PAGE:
It’s time the left hand knew what the right hand was doing. In fact, it’s long overdue that a whole bunch of hands got together to make some kind of order out of road construction on the Northeast Avalon.
Wednesday was back to school for many, with drivers getting a different kind of schooling.
Here’s a summary: there’s roadwork on Topsail Road, turning parts of that artery into a parking lot. Drivers were reporting delays of up to an hour while trying to make their way into the city.
Some decided to try an alternate route, perhaps not knowing of road delays on St. Thomas’ Line or the complete backup of Thorburn Road — miles of cars — thanks to construction in St. Philip’s.
The start of the week also brought bridge reconstruction on the Outer Ring Road, with two lanes condensing into one with predictable delays. There’s work being done in the Goulds.
One lane was closed on Kenmount Road on Tuesday, making a bottleneck even though crews weren’t working. Crews were putting down new asphalt and blocking an intersection on Columbus Drive at Capt. Whelan Drive on Tuesday as well, and the time they picked as the best for the work? Morning rush hour. This, after work paving the area between the bike path and the curb blocked a lane on the thoroughfare for a good piece of the summer, challenging drivers to that thing so many seem to fail at — merging safely.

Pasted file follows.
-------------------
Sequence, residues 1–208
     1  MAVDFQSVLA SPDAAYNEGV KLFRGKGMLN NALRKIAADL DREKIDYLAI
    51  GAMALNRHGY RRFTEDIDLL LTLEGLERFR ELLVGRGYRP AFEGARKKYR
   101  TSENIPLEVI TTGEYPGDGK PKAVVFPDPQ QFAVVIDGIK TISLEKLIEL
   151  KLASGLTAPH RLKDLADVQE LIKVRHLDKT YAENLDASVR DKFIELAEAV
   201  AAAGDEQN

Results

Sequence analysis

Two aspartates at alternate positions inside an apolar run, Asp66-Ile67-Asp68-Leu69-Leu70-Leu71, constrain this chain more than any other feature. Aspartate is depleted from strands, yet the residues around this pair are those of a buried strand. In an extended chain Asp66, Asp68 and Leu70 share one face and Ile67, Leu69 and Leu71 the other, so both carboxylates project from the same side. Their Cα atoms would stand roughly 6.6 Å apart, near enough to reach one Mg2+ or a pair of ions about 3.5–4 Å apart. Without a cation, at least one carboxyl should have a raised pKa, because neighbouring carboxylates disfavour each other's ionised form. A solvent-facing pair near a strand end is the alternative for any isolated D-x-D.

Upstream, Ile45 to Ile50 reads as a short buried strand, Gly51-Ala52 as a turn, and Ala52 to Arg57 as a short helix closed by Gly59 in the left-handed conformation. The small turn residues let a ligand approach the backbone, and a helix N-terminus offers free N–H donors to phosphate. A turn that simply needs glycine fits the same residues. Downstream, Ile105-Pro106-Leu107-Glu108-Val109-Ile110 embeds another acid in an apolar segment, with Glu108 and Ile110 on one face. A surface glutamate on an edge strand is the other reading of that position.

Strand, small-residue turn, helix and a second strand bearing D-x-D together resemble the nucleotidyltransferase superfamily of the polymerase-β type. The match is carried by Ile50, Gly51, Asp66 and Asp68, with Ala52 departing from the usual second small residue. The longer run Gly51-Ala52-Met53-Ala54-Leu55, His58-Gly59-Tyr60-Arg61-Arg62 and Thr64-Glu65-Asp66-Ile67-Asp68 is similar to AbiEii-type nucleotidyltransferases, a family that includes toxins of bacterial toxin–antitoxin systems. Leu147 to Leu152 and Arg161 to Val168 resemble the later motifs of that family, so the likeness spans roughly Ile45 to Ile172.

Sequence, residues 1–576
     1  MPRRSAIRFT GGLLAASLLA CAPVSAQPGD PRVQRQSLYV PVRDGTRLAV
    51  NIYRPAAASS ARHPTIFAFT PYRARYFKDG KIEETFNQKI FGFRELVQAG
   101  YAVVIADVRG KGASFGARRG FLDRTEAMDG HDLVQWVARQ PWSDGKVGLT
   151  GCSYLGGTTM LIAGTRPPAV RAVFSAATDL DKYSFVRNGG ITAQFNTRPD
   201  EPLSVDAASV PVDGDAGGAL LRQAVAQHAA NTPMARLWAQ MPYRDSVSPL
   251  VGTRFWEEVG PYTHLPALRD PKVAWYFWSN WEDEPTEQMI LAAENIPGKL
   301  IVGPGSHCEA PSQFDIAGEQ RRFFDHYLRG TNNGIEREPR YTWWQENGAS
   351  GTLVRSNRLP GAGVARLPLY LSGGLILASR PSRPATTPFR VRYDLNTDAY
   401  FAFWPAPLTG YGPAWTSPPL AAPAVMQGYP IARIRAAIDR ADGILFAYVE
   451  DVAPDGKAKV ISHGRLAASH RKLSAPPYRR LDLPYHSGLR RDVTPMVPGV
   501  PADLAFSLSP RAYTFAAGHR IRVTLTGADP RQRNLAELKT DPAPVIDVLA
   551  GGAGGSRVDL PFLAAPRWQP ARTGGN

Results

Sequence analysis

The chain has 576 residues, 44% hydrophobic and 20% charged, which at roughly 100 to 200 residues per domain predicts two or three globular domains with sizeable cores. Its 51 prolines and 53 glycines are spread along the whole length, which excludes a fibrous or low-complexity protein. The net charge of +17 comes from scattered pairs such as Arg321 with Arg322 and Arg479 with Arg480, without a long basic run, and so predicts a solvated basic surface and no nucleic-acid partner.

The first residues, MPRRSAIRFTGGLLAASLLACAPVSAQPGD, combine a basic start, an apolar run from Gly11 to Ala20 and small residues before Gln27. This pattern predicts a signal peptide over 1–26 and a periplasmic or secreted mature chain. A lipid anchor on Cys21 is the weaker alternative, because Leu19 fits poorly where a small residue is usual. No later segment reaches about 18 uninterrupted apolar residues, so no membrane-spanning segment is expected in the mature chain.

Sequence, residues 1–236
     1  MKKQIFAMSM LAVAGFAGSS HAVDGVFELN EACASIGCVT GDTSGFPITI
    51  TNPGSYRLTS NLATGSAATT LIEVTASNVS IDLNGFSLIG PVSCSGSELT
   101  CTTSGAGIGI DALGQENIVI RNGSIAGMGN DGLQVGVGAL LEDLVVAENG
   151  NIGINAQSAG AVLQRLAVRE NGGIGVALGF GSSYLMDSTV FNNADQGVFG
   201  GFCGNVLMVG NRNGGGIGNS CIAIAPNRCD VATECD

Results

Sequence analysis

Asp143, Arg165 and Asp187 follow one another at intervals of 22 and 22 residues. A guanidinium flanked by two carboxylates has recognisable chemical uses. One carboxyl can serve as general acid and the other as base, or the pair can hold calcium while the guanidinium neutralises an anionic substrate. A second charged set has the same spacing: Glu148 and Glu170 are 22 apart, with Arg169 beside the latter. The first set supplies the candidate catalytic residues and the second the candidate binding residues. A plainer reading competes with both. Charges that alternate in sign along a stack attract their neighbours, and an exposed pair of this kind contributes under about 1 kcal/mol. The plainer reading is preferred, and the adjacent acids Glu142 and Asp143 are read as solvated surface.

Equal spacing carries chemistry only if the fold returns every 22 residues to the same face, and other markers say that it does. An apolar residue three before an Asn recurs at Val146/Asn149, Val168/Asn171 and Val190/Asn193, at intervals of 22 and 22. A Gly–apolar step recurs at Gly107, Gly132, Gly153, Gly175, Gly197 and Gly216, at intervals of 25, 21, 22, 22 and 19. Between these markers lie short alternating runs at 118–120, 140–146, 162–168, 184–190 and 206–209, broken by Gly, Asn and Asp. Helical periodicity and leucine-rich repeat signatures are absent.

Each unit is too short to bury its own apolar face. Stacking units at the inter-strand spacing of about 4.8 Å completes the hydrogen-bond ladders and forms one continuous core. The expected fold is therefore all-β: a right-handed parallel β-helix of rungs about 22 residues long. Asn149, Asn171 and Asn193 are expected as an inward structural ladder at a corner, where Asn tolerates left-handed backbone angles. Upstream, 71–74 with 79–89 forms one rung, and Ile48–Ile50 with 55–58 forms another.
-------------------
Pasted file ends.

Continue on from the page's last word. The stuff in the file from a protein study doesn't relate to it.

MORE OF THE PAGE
Portugal Cove Road? Well, it’s been a water main construction project for three or four construction seasons.
Paradise? Let’s just say that, for drivers, it’s a misnomer. If you can find one happy driver in Paradise, you’re so lucky you should buy a lottery ticket.
There’s got to be a better way.
There are places where the work could be done at night: Kenmount Road, the Outer Ring Road and even the resurfacing on the parkway spring to mind. Cycling the work through nighttime hours (and dealing with diminished traffic) would be safer and easier for workers and drivers alike. Other cities do exactly that.
There are other places where the problem is not that there’s one piece of roadwork being done, but that there are several competing projects stacking up delays for drivers.
When every conceivable major route involves construction, there has to be a problem.
You can blame it on urban sprawl and the unwillingness of parts of the downtown to build vertically. You can blame it on our short construction season and on the sheer number of cars trying to make their way into St. John’s from surrounding towns. (That’s a number that is guaranteed to grow, given the projects now planned outside the city proper.)
But blame doesn’t fix anything.
Right now, the Northeast Avalon’s road construction and repair looks unplanned and unco-ordinated.
Contracts are awarded and the work is done based on schedules set by the construction companies — and, if you follow those schedules, they’re often not being met.
It’s a foreign word to many councils, but it’s time for something called “planning.”
Next year, why not pick up the phone?